In either embodiment it is also possible to create secondary flow passages to provide for pilot flows by cutting grooves in the outside surface of the inner member or in either the outer or the inner surfaces of the sleeve. It is also possible to form the sleeve and inner member of a variety of materials depending upon the expected flow conditions and performance requirements. Because the outer sealing surfaces of the sleeve of the present invention are not expanded into forcible sealing contact with the installation bore until after located in position, there is little or no relative movement of the sleeve within the installation bore during the time that an interference is caused between the outer surface of the sleeve and the inner surface of the installation bore. For this reason, little if any, potential damage to the outer surface of the sleeve is presented by burrs or minor irregularities in the inner surface of the installation bore. In addition, the material of the sleeve need only be sufficiently resilient to withstand the radial expansion caused by the full insertion of the inner member, Without cracking but need not be otherwise deformable as is required in conventional seals wherein in the interference it is achieved prior to insertion seal into the bore. Due to the fact that these material limitations are not of concern in the present invention, the material of the sleeve can be selected from a wide range of materials depending upon specific performance or design considerations. For example, provided they are compatible with materials of the inner wall of installation bore, metallic substances can be used to form the sleeve to provide a high degree of frictional retention and to cause the sealing when desired for use in high pressure flows or when removeability is not a primary concern. Due to the reduced likelihood of damage to the sleeve material, in relatively low pressure applications, the sleeve may also be beneficially formed of materials similar to those as may be used in conventional seals, in which case, the fluid control device would be readily removable. Limitations of the acceptable materials usually required to avoid galling between the inner member surface and the sleeve interior should be considered; however, use of materials having high relative coefficients of friction is not required as the retention of the seal and inner member in the installation bore is not dependant upon the friction of these surfaces.
The principal aim of the present invention is to provide a new and improved means for sealing the intersection of the ports of a flow control device and flow passages formed or found within a housing.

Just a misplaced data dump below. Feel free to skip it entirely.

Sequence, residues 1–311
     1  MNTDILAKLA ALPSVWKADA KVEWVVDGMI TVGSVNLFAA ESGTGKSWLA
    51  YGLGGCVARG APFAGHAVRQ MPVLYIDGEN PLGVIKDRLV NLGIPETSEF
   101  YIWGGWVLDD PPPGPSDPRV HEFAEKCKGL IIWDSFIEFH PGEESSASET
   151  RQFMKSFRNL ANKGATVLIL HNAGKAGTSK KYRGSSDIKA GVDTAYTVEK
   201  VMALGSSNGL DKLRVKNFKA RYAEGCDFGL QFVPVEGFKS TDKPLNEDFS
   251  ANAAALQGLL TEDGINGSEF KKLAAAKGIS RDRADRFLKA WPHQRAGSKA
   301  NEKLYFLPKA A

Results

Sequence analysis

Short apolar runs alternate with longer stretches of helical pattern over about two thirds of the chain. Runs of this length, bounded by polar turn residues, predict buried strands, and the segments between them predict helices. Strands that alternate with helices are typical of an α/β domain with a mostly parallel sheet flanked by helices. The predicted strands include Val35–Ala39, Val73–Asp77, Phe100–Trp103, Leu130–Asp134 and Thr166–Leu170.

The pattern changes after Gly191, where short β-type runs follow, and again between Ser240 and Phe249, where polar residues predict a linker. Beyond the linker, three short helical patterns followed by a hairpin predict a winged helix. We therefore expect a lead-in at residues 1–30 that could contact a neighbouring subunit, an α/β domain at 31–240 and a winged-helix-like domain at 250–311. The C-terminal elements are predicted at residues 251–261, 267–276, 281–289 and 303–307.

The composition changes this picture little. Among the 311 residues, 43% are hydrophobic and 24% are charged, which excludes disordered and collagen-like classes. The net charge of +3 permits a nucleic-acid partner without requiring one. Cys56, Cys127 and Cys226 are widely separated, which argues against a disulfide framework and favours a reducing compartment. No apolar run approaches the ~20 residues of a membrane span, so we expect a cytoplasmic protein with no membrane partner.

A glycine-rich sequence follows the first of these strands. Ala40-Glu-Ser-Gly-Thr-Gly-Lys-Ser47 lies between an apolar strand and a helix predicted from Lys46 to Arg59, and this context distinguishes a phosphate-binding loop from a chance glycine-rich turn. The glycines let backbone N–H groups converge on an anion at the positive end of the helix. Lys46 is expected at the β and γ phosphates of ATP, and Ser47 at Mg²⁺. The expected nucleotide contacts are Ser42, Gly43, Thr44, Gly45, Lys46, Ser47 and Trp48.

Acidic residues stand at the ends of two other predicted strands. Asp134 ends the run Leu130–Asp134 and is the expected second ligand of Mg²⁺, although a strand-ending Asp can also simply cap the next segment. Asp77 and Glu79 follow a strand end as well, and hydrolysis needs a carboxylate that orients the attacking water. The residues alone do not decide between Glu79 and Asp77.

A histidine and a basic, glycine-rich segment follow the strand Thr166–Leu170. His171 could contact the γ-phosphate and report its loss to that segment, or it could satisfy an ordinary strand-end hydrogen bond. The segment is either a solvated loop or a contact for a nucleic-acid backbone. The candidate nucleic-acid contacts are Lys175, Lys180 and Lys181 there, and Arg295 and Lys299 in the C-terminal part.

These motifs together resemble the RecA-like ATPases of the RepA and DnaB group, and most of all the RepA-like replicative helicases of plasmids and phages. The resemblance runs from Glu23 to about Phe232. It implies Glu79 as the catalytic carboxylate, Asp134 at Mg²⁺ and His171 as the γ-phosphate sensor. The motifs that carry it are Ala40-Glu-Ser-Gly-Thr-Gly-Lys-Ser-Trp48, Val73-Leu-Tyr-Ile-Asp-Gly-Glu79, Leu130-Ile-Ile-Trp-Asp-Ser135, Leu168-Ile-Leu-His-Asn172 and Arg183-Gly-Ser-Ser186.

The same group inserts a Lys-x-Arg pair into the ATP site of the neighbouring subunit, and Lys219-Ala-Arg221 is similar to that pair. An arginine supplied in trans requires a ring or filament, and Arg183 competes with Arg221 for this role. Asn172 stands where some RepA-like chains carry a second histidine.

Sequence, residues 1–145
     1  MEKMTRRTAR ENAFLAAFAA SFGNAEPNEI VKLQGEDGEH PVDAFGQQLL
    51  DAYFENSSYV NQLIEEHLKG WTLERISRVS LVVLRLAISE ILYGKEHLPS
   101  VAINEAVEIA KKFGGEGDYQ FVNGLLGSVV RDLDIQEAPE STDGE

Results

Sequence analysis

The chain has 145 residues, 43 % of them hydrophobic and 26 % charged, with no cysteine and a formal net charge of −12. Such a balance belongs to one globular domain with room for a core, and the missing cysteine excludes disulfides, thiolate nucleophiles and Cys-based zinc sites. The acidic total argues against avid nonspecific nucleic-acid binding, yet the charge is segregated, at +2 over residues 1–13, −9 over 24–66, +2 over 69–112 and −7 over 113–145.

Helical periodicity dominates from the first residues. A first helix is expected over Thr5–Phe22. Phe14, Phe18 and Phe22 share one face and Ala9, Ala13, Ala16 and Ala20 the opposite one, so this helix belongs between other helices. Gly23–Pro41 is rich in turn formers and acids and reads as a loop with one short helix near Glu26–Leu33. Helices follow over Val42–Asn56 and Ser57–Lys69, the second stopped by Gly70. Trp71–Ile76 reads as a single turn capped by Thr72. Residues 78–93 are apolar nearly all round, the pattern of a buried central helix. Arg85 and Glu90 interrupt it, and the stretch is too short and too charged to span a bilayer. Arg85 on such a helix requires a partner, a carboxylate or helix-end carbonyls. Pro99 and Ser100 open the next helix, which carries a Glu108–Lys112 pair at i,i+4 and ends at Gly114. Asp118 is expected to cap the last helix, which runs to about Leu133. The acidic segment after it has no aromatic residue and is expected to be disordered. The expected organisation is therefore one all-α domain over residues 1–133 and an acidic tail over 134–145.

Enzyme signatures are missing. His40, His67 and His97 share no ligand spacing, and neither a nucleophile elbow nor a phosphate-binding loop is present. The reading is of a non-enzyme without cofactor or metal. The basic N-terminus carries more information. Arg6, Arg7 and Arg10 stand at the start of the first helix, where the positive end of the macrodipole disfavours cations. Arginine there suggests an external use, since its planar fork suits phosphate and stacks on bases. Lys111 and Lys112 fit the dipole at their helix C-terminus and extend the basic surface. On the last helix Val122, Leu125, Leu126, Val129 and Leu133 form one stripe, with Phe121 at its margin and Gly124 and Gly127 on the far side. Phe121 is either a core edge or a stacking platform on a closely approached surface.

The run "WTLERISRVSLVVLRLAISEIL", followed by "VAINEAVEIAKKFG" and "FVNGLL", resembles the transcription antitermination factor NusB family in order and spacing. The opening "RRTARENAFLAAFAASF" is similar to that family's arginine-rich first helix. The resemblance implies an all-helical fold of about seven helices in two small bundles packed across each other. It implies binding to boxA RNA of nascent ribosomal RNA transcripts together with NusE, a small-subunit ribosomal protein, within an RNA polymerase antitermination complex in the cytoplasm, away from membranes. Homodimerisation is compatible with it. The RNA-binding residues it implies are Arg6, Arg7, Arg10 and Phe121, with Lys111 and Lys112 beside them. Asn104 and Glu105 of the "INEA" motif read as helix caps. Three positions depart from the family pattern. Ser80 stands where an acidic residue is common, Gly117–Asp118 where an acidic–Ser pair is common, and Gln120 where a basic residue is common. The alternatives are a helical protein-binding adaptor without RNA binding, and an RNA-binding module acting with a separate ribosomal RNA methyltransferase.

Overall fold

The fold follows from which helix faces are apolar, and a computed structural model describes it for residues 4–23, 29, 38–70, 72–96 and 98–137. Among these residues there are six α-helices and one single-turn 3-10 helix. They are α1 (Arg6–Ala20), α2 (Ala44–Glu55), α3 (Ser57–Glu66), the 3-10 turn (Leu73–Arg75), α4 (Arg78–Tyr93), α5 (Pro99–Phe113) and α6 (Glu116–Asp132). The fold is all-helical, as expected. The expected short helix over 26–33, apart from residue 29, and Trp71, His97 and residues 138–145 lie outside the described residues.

An additional aim of the present invention is to provide a new and improved sealing means that is capable of withstanding pressures of up to 20000 PSI.
An additional object of the present invention is to provide a seal foregoing capabilities formed of materials having high strength and durability characteristics that can be installed without the use of lubricants.
These and other features, uses, objects and advantages of the invention will become apparent from the Description of the Preferred Embodiments and the Drawings.
In the Drawings:
FIG. 1 is an axial sectional view of a first embodiment of an expansion sleeve and inner member in accordance with the present invention shown fully installed in an installation bore;
FIG. 2 is an axial sectional view of a first embodiment of an expansion sleeve and inner member in accordance with the present invention shown partially assembled before installation:
FIG. 3 is an pictorial side view of a first embodiment of an expansion sleeve and inner member in accordance with the present invention shown partially assembled before installation;
FIG. 4 is a cross sectional view of an expansion sleeve and inner member in accordance with the present invention taken along the line 4--4 shown in FIG. 1;
FIG. 5 is an axial sectional view of a second embodiment of an expansion sleeve and inner member in accordance with the present invention shown fully installed in an installation bore;
FIG. 6 is an axial sectional view of a second embodiment of an expansion sleeve and inner member in accordance with the present invention shown partially assembled before installation;
FIG. 7 is a pictorial side view of a second embodiment of an expansion sleeve and inner member in accordance with the present invention shown partially assembled before installation;
FIG. 8 is a cross sectional view of a second embodiment of an expansion sleeve and inner member in accordance with the present invention taken along the line 8--8 shown in FIG. 5; and
FIG. 9 is an axial sectional view of a typical sealing device shown fully installed in an installation bore.
With reference to the drawings wherein like numerals represent like parts throughout the figures, a preferred embodiment of a sealing device in accordance with the present invention is generally designated in FIGS. 1 through 4 by the numeral 10.